Oh the misery! another day seeing my dreadful students in the Philosophy 101.  These students, I don't think they have ever had a single thought about anything that is outside of themselves.  I could cry thinking about the future of Philosophy itself!  Aside from it being Monday and having the worst class ever, my stomach is still playing up and Doctor Smallback is sending me for 'further tests'.  There should be dignity and grace in old age but it seems there is only humiliation, indignity and memory loss!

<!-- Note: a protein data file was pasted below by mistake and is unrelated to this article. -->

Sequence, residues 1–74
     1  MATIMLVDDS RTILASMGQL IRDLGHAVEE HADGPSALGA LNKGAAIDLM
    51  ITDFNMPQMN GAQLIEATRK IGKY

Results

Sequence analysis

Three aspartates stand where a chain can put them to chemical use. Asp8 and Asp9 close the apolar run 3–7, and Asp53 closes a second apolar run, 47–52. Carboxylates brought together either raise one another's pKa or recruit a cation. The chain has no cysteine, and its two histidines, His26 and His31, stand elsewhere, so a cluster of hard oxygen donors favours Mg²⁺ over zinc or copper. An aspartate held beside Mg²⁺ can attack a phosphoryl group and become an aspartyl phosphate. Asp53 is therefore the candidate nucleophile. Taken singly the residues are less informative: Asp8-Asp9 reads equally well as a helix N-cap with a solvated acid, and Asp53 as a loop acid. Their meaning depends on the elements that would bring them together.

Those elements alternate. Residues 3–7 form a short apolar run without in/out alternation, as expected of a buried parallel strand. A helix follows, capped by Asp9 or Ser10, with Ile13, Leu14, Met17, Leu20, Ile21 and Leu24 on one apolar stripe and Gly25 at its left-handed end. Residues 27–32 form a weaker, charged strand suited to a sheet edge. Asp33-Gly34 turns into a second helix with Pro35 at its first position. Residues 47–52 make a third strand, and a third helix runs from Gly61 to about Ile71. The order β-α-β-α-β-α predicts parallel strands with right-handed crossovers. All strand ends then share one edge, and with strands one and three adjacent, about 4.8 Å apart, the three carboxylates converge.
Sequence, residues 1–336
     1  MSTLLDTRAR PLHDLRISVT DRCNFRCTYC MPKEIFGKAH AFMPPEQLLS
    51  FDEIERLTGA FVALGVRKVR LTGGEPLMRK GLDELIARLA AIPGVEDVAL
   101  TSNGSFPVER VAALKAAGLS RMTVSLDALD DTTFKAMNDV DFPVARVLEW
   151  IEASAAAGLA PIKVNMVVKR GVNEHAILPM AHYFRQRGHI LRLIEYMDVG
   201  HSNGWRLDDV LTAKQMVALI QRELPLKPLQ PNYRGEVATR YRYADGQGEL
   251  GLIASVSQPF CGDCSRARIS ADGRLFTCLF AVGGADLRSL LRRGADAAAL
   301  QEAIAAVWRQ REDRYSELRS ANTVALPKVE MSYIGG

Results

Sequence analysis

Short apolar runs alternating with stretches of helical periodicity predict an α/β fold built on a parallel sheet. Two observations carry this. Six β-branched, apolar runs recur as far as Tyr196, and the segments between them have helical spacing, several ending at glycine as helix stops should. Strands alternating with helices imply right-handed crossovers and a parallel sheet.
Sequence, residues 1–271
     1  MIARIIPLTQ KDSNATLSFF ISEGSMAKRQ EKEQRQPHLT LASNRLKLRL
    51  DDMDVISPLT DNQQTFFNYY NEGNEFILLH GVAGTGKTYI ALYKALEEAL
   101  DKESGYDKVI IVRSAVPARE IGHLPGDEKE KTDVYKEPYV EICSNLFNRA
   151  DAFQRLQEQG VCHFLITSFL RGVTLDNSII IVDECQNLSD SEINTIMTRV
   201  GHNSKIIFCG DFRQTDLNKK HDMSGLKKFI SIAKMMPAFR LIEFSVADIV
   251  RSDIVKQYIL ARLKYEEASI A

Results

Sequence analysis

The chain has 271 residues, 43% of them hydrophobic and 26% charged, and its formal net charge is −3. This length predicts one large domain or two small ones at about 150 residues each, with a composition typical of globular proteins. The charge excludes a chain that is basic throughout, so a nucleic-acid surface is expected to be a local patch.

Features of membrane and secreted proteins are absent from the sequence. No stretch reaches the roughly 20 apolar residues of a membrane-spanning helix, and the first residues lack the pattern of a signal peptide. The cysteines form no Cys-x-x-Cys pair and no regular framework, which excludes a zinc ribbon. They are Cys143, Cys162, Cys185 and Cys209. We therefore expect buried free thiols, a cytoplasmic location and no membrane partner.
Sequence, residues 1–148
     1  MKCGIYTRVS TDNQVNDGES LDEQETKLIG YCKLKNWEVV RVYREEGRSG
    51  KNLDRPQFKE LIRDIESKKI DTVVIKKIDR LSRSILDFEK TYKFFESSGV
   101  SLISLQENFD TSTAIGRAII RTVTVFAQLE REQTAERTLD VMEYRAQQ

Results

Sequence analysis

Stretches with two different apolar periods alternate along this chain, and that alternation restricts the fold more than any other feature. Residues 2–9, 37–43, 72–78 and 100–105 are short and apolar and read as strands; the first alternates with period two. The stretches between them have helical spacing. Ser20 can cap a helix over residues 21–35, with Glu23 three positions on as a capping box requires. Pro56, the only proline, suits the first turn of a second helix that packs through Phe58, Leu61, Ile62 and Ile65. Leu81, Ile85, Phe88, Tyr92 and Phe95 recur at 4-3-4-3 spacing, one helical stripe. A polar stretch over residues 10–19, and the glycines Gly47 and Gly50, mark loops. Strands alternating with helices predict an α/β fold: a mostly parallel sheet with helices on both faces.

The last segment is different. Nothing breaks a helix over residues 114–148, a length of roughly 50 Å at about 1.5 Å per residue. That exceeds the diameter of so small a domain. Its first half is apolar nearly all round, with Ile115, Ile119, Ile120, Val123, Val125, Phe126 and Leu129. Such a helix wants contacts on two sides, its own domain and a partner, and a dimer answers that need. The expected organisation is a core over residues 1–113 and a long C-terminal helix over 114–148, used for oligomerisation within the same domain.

I did not think the memory was that bad, and I can recite Hegel at will and consider deeply his idea of the actualization of the will, but I can never find my glasses, the book I was reading yesterday or where I left my keys.  I wish Hegel could explain these things to me, I think I would be better here at thinking of the philosophy of Montaigne, I remember clearly he said; ‘to learn that we have said or done a stupid thing is nothing, we must learn a more ample and important lesson: that we are but blockheads… On the highest throne in the world, we are seated, still, upon our arses.’ And, lest we forget: ‘Kings and philosophers shit, and so do ladies.’ - he was not afraid to face our bodily functions and I am starting to think we should focus more on how our bodily functions really affect our thoughts..